3. Translate any arbitrary GraphQL request into Cypher and handle the database call

With Neo4j and GraphQL it’s graphs all the way down — GraphQL makes the observation that your application data is a graph and allows the client to express arbitrary traversals through that graph with a GraphQL query. While you are free to use any backend system with GraphQL — one of its major strengths — using a graph database as the data store for a GraphQL API removes much of the mapping and translation that occurs in GraphQL server implementations.

Let’s take a look at how this works in closer detail.

Create A GraphQL API With neo4j-graphql.js

The first step to implementing any GraphQL API is to create GraphQL type definitions.

GraphQL Type Definitions

GraphQL APIs are driven by GraphQL type definitions. The type definitions define the data available in the GraphQL API and with neo4j-graphql.js drive the Neo4j database data model. Unlike other implementations that require us to maintain the schema both in the database and the GraphQL server, with GRANDstack we use the GraphQL type definitions to drive the database:

You’ll notice that we make use of two GraphQL schema directives in the type definitions above:

  • @relation— defines a relationship that connects two nodes.
  • @cypher — binds a field to a Cypher query, this allows us to define computed fields in our GraphQL schema using Cypher.

You can read more about these directives here.

Auto-generated GraphQL Schema

In a typical GraphQL implementation the next step would be to define Query and Mutation types that specify the entry points for our GraphQL service. However, we don’t need to define a Query or Mutation type in our type definitions, these will be created for us automagically by neo4j-graphql.js.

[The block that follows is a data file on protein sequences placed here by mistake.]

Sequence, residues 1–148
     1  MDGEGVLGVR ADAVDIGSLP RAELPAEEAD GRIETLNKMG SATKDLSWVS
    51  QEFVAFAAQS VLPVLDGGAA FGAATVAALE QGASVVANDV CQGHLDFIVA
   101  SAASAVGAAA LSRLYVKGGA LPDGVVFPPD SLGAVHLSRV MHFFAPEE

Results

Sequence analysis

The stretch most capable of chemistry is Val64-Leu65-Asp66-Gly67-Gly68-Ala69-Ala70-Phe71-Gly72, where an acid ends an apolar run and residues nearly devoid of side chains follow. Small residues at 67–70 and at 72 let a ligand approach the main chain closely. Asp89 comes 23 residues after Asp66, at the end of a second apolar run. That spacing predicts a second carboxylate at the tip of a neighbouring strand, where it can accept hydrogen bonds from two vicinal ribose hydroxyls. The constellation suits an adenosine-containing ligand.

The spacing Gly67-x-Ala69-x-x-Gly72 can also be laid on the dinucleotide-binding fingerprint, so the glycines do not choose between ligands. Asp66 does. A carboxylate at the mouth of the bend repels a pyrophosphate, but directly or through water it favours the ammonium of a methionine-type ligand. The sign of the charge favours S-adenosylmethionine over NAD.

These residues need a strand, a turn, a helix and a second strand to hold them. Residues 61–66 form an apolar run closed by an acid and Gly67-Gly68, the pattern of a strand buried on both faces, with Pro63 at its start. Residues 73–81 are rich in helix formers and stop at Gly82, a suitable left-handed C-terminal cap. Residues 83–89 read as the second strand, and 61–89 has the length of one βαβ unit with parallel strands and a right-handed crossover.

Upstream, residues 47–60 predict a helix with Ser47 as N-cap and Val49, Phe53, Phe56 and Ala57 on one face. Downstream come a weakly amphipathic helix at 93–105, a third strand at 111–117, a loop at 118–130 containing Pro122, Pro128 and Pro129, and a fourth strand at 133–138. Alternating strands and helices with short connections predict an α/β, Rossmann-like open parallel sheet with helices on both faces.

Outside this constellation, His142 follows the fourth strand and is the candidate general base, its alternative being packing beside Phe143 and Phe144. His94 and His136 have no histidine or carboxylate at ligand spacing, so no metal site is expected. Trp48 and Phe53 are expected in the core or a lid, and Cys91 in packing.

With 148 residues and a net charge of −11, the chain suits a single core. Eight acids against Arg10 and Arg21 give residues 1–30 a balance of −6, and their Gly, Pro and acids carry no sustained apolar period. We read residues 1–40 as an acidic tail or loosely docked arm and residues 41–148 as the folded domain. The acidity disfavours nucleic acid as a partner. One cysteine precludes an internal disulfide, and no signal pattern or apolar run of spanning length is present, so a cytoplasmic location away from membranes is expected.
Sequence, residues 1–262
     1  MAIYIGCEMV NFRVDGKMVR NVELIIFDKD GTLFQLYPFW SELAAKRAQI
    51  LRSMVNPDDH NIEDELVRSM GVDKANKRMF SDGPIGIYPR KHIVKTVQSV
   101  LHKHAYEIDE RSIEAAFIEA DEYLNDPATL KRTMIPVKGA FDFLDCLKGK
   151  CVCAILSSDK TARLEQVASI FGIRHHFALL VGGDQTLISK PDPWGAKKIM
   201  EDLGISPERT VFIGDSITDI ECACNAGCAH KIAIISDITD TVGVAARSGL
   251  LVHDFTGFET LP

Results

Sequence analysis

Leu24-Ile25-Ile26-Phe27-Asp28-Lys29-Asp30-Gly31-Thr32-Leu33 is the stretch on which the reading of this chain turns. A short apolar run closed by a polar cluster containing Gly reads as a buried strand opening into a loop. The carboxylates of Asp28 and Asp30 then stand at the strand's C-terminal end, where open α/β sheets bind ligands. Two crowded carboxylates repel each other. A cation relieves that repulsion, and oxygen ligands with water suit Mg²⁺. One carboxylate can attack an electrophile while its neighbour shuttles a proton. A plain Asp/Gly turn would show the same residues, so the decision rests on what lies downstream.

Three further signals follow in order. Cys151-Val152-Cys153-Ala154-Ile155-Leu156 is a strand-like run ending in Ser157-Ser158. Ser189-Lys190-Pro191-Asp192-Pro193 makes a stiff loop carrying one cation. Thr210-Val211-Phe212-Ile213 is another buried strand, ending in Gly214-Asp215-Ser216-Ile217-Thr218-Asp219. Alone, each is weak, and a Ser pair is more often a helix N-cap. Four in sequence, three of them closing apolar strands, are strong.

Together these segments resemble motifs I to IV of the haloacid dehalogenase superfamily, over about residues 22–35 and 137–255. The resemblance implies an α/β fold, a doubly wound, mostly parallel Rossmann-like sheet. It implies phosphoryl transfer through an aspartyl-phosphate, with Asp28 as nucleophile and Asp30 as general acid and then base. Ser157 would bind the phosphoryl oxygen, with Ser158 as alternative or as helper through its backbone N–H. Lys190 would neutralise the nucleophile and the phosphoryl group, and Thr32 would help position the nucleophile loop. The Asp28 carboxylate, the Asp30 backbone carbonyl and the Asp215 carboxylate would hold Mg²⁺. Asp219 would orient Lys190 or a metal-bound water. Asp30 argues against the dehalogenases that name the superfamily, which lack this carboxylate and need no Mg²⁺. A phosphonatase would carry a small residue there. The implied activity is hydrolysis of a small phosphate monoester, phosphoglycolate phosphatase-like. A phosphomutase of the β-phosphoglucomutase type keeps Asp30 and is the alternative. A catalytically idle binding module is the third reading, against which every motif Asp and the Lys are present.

Here, we use the type definitions created above to create a GraphQL server, with help from neo4j-graphql.js:

All we need now is to run npm run start to start our GraphQL server.

Auto-generated Resolvers

Note that we haven’t created any resolvers, the functions that contain the logic for fetching data from the database. Implementing resolvers are typically the next step however we don’t need to do that since neo4j-graphql.js implements our resolvers for us automatically by translating GraphQL requests to Cypher and handling the database call.

We can inspect the generated GraphQL API in GraphQL Playground. Notice that queries and mutations have been created for each of the CRUD operations:

The GraphQL API generated from our type definitions using neo4j-graphql.js includes auto-generated queries and mutations for all CRUD operations.

Querying With GraphQL

Now that we have our GraphQL API up and running, let’s try some GraphQL queries.

Query for repositories

Let’s start with a fairly simple query: find three repositories, ordered by name, select the name and description, then traverse the graph to find any pull requests connected to those repositories:

{
Repository(first: 3, orderBy: name_desc) {
description
name
pull_requests {
url
}
}
}

Behind the scenes, this GraphQL query is translated into Cypher and sent to our Neo4j database instance, in a Cypher query that looks something like this:

MATCH (`repository`:`Repository` {}) 
RETURN `repository` {
.description,
.name,
pull_requests:
[(`repository`)<-[:`BASE`]-(`repository_pull_requests`:PullRequest)
| repository_pull_requests { .url }]
} AS `repository`
ORDER BY repository.name DESC LIMIT 3

These GraphQL queries can be arbitrarily complex. Here’s another example, this time in GraphQL Playground:

You can find all the code for this example on GitHub (of course). And you can see it running live in CodeSandbox below:

Try it live!